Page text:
By Dennis Rodkin
July 8, 2009 

By now, it’s pretty well known that the
foreclosure crisis is no longer limited to lower-income households. Large
numbers of middle- and upper-income homeowners are falling into default, too.
But a new report from the Woodstock Institute points out that (.pdf of report
available here), in many parts of the Chicago region, more affluent households
are far less likely than lower-income homeowners to get specialized counseling
about the foreclosure process—and that could potentially shut them off from some
valuable resources.

Consider, for instance, the case of a middle-income
household falling into foreclosure because of a job loss (as opposed to a
low-income household headed for foreclosure because of a predatory loan’s
skyrocketing interest rate). “There may be opportunities there to renegotiate,
and foreclosure may be more preventable,” says Geoff Smith, Woodstock’s
vice-president. But without consulting the agencies monitoring the chaotic
foreclosure process, middle-income homeowners might not find their way to those
options, Smith says.

The Woodstock Institute and others have established
that homeowners who have sought out counseling have a higher likelihood of
staying in their homes than those who don’t get counseling. That makes even more
significant the statistics from the Woodstock report, “On the Foreclosure Front
Lines: Surveying the Capacity of HUD-Certified Housing Counseling Agencies in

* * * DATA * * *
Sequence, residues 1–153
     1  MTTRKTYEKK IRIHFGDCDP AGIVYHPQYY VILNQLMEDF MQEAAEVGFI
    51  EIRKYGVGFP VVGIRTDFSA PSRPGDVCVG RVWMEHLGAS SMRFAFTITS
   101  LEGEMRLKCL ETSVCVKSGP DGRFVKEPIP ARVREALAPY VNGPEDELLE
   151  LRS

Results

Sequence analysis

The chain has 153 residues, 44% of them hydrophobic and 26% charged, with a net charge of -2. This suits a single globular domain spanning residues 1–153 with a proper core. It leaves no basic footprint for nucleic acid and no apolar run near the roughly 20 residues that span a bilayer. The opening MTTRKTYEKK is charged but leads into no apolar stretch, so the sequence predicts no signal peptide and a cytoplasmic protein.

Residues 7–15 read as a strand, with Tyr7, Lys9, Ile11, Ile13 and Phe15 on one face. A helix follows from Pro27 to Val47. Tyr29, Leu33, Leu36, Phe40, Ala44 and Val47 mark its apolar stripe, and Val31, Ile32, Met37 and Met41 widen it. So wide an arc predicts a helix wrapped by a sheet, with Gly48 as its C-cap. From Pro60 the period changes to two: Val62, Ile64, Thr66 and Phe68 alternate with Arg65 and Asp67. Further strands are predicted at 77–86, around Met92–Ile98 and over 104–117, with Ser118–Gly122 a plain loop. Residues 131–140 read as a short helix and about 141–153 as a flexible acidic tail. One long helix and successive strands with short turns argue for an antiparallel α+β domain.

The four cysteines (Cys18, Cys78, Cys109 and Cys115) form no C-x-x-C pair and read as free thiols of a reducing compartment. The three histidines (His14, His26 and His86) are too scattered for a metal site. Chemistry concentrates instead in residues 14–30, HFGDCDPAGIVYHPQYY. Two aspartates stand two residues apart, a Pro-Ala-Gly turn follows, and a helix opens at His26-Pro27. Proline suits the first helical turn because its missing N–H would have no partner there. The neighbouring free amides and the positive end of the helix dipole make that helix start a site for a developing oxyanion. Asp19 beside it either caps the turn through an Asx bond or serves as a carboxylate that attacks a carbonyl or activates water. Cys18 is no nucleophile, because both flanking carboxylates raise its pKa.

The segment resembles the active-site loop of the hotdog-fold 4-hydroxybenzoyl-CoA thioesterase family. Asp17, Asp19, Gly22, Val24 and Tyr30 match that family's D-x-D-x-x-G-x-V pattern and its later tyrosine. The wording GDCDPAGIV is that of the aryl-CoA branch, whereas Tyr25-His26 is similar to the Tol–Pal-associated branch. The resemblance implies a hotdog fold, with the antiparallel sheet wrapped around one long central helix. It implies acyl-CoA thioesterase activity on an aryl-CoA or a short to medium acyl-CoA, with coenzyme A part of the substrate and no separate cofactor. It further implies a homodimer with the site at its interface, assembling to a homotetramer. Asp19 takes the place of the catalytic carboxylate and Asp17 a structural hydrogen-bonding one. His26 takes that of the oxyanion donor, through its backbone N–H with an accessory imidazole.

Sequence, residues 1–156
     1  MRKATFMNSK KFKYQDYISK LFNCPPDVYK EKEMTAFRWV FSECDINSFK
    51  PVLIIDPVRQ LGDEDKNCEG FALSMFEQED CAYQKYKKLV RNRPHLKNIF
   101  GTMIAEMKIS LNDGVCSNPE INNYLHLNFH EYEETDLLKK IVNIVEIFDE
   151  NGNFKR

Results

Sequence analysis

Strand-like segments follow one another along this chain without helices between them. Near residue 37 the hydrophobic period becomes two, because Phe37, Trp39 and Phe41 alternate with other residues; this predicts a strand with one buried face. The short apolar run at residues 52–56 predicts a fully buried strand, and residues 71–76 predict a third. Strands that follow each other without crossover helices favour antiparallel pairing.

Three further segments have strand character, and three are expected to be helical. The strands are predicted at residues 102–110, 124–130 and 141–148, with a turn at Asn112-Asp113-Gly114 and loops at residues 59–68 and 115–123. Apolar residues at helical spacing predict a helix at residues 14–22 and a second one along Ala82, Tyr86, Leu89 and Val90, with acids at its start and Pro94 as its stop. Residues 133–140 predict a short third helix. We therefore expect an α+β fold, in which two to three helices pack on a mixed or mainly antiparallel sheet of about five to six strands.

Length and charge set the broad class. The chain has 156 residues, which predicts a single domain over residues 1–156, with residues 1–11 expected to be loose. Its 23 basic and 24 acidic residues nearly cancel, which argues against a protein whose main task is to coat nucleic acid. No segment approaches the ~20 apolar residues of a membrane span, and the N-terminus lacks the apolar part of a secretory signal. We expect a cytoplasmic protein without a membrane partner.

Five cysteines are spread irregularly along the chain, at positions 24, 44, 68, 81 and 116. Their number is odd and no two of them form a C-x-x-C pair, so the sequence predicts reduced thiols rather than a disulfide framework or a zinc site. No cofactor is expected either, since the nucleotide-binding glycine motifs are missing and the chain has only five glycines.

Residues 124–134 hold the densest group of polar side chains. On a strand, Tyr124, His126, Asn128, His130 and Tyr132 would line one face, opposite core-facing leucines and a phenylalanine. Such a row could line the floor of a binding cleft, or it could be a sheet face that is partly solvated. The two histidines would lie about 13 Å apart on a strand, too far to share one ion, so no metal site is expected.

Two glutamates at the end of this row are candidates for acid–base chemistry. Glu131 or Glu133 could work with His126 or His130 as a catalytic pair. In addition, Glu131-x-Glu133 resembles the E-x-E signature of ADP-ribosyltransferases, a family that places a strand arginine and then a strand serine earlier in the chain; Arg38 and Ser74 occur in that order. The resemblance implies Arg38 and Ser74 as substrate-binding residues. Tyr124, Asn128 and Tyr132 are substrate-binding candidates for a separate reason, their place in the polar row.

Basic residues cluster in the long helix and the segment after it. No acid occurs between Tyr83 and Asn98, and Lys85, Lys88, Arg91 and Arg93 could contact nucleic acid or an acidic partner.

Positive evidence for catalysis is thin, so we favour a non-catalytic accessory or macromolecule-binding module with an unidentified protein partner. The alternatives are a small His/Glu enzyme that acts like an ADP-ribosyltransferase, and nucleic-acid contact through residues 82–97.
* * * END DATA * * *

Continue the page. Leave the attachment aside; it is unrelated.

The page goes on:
Illinois,” which was released Monday. In parts of the city and suburbs where
low-income households are concentrated and where foreclosure problems predate
the crisis of the past two years, the report notes that there may be seven or
more counseling sessions per 100 foreclosure filings.

But that ratio
doesn’t hold true in suburbs with a higher concentration of middle-income
households. In Algonquin, for instance, where 476 homes were foreclosed in 2008,
there were no counseling sessions, Smith says. In Crystal Lake, there were 310
foreclosures and no counseling sessions. Bolingbrook, with 700 foreclosures, had
only six counseling sessions, while McHenry, with 411 foreclosures, had only one
counseling session.

Smith acknowledges that middle- and upper-income
homeowners may have established resources of their own to draw on—friends and
family who can provide not only financial support, but also legal advice or help
in networking toward a solution. Still, says Smith, foregoing counseling can put
these people at a disadvantage in the foreclosure process. “They don’t know
everything that might be available to them,” he says. “They need to have the
right representation as they’re going through this.”

Smith also notes
that most counseling programs are available from agencies oriented toward
helping lower-income people with their housing problems. Before the foreclosure
crisis hit, says Smith, “there was not as strong a network of agencies” helping
middle-class people homeowners. The large-scale solution—creating and
publicizing more foreclosure-counseling agencies in middle-income areas—can’t
happen overnight. And as Mary Ellen Podmolik of the Chicago Tribune wrote on
Tuesday, the Woodstock report details a massively over-burdened
foreclosure-counseling network, already incapable of handling the crushing

Nevertheless, for middle- to upper-income homeowners in
crisis, the lesson may be that you don’t have to try to navigate the treacherous
waters of foreclosure alone. There’s help available, even if it’s slow in
coming. “Just building awareness of that is a beginning,” Smith says.

*These clippings are
provided for "fair use" not-for-profit, educational purposes (and other
related purposes). If you wish to use this copyrighted material for purposes of
your own that go beyond "fair use," you must obtain permission from
the copyright owner. Please contact Woodstock Institute for more information.